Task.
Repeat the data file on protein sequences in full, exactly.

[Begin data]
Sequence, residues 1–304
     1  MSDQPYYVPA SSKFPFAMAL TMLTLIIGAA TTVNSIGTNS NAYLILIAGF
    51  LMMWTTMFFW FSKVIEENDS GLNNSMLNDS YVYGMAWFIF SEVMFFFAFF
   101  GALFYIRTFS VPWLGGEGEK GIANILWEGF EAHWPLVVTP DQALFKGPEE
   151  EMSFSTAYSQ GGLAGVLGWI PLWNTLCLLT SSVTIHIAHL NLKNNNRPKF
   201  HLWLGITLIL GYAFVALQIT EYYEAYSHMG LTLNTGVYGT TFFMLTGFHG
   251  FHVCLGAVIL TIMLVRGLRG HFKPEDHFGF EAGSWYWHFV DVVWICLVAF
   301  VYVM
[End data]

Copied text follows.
Sequence, residues 1–304
     1  MSDQPYYVPA SSKFPFAMAL TMLTLIIGAA TTVNSIGTNS NAYLILIAGF
    51  LMMWTTMFFW FSKVIEENDS GLNNSMLNDS YVYGMAWFIF SEVMFFFAFF
   101  GALFYIRTFS VPWLGGEGEK GIANILWEGF EAHWPLVVTP DQALFKGPEE
   151  EMSFSTAYSQ GGLAGVLGWI PLWNTLCLLT SSVTIHIAHL NLKNNNRPKF
   201  HLWLGITLIL GYAFVALQIT EYYEAYSHMG LTLNTGVYGT TFFMLTGFHG
   251  FHVCLGAVIL TIMLVRGLRG HFKPEDHFGF EAGSWYWHFV DVVWICLVAF
   301  VYVM